2014 29 March

Lenten Study 4: the blind Man Receives his Sight

Posted in Steinbach United

Lenten Study by Moderator Gary Paterson


Hi, it’s good to be with you for this fourth week of Lent, as our “Turn Around Take Off” journey continues with yet another encounter between Jesus and, well, this time, with a man who was born blind (John 9:1-41). Once again, like the story of the Samaritan woman, we see Jesus in action, choosing the way of compassion. When his disciples raise questions about the connections between the disability of blindness and sin, Jesus brushes away their analysis.

And of course, while Jesus dismissed the theology that says illness or disability are a result of sin, either your own or that of your parents or even your grandparents, certainly other people bought into that theology. So the blind man not only had to deal with loss of sight and its economic consequences, but also the moral condemnation of other people.

So Jesus responds with compassion, and at one level, like the story of the “Woman at the Well,” it’s a “go and do likewise” story. Live a life of compassion, be a healer; bring sight to the blind. See what needs doing, where people are really hurting and respond concretely and practically.

I find myself thinking of other gospel stories where Jesus heals a blind person (there are lots of them, and that in itself says something significant), particularly the one from the Gospel of Luke (Luke 18), where Jesus asks very specifically of the person who was blind, “What do you want me to do for you?” Not a bad question! And the response is direct and clear, “Lord, let me see again!” When we are out and about in the community, maybe that’s the question we need to ask people (ask the spiritual but not religious perhaps, or those living on the street, or Aboriginal people), “What do you need? What do you need from me, from the church?” And then listen very carefully and respectfully to what they say! And then do our best to respond to THEIR need, not ours.

So the man receives his sight, although only a couple of verses are given over to the description of the miracle itself. A little spit, a little mud, a little Sabbath-breaking kneading, a washing in the pool of Siloam… and it’s done. The rest of the story is all about what happens after – and it’s all about metaphor. Jesus is the Light of the World, with echoes from the Prologue to John’s gospel, “The true light, which enlightens everyone, was coming into the world.”

Maybe the question we have to ask ourselves (and our church) is, “Do we really want to see?” For clearly John wants us to be thinking about spiritual blindness, and the ways in which we are not seeing clearly. Short-sighted folk who don’t have a view of the larger context; the far-sighted, who can’t focus on what’s right in front of their noses; middle-aged folk, with their presbyopia and reading glasses; and then later, astigmatism, and cataracts. I know, I know, I’m stretching the metaphor; but can we talk about seeing with Jesus eyes, or with Jesus glasses… depth vision, 3-D, seeing differently, clearly, honestly, lovingly?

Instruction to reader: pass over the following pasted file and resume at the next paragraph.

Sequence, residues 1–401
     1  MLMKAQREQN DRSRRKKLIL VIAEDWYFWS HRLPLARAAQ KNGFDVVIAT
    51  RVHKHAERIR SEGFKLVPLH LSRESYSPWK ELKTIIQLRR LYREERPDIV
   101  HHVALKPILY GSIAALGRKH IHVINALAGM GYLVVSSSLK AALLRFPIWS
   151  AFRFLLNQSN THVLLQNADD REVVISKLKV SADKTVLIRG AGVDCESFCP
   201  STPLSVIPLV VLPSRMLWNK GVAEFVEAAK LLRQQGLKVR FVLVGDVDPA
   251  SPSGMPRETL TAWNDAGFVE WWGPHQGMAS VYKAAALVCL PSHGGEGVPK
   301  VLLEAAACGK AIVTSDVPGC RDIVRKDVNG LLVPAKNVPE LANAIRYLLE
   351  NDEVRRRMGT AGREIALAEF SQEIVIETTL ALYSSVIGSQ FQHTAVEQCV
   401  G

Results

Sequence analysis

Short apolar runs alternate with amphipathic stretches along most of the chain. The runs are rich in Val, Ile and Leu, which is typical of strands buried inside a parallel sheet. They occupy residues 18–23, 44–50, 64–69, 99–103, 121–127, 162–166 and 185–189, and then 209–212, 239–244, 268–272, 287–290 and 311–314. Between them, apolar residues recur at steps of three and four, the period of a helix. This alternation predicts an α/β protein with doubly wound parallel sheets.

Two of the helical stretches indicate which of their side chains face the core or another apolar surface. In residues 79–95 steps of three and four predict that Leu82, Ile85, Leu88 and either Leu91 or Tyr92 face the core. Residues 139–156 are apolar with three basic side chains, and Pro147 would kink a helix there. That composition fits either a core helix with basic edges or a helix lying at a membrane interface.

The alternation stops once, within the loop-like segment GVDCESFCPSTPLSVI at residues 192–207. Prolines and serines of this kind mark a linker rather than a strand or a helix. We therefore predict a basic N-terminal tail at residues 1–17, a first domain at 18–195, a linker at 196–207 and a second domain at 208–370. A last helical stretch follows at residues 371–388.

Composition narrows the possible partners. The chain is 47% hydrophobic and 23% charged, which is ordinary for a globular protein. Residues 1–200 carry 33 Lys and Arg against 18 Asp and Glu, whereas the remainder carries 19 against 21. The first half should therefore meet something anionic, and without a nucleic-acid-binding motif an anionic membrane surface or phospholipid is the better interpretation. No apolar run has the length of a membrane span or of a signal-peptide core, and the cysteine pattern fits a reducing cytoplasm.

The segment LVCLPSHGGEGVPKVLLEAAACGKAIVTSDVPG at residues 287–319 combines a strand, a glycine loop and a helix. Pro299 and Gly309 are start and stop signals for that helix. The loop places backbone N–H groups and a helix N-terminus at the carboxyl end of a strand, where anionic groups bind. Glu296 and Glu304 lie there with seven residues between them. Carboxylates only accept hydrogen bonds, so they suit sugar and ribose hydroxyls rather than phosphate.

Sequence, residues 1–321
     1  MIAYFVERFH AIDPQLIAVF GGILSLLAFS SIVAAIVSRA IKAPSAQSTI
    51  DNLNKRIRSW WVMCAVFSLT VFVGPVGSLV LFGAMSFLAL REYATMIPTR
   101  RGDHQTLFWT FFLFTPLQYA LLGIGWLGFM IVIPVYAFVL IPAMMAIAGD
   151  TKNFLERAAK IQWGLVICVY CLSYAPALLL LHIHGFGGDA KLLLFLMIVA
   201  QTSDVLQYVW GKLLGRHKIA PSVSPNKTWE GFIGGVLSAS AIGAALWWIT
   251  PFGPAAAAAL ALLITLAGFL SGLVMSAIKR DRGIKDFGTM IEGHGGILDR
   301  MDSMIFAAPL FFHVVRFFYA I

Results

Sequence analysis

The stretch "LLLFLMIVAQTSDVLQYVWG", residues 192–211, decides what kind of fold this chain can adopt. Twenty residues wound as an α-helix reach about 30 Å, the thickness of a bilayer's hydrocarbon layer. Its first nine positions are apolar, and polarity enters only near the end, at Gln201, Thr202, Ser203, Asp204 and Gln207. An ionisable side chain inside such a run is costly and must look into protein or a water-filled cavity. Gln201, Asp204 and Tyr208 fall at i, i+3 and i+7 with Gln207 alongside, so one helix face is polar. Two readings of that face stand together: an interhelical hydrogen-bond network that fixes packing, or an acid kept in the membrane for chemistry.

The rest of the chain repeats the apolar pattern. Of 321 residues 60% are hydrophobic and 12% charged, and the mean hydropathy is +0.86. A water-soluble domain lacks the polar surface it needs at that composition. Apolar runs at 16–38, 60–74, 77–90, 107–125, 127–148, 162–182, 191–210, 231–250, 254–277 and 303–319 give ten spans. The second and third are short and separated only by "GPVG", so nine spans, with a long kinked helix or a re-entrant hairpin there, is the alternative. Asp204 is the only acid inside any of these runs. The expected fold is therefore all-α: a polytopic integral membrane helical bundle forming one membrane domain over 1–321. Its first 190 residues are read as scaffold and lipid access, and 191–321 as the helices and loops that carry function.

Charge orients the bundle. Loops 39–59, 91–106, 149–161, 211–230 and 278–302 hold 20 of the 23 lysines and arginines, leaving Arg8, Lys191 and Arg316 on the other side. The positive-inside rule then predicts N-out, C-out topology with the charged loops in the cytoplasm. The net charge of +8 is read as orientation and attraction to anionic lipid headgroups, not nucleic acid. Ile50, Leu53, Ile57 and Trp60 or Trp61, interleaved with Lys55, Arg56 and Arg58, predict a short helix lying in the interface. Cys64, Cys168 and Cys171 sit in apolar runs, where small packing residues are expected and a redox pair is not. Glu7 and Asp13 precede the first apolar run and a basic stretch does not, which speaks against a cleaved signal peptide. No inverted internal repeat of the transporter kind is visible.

Maybe we need to be talking about a church that needs the gift of sight, that has been working hard for some time at not seeing what is happening all around… until suddenly the numbers and finances have brought a crisis, where we can’t help but see our present situation. But then what?

John’s gospel talks a lot about what happens after the healing – the reactions of the onlookers, neighbours, family, the religious authorities, the people who don’t want to believe that the man can now see. We doubt the capacity of God’s power embodied in Jesus Christ to bring about such change, to open our eyes to the fullness of life. We are disturbed when someone is transformed; when the system shifts.

Clearly we all spend a lot of energy in “not seeing.” We all have our defences, our blind spots – usually to protect us from hard truths, from changes that might be painful to make, even though they would enhance life – our own, and that of our neighbours.

But then it happens, suddenly we see and our world is turned upside down. Can you remember times when that has happened for you? When the lights went on, when you could say, “I once was blind, but now I see.” How did it happen? What brought about that change? A person? A prayer? A crisis, and falling apart? An encounter? Maybe it was the witness of another person, perhaps a survivor of Indian Residential Schools telling his or her story, forcing you to see, breaking your heart open.

So, our eyes are opened; we see, which sometimes means it’s hard to fit back into the old ways of living. Sometimes others aren’t so thrilled about the changes in us – maybe they’re feeling threatened, judged, uncomfortable. That seems to be what happens in this story to the man who receives his sight. He’s confronted by interrogation and anger and eventually he’s kicked out of the community because he insists on telling the truth of what happened to him. He becomes a witness, “One thing I do know, that though I was blind, now I see.” And he even asks the religious authorities, (surely with typical Johannine irony), “Do you also want to become his disciples?” Is this what we are called to do? To witness to how our lives have been changed, even if speaking this truth sparks pushback. Can you remember a time when that happened?

You are invited to join the “Turn Around Take Off!” discussion group on Facebook.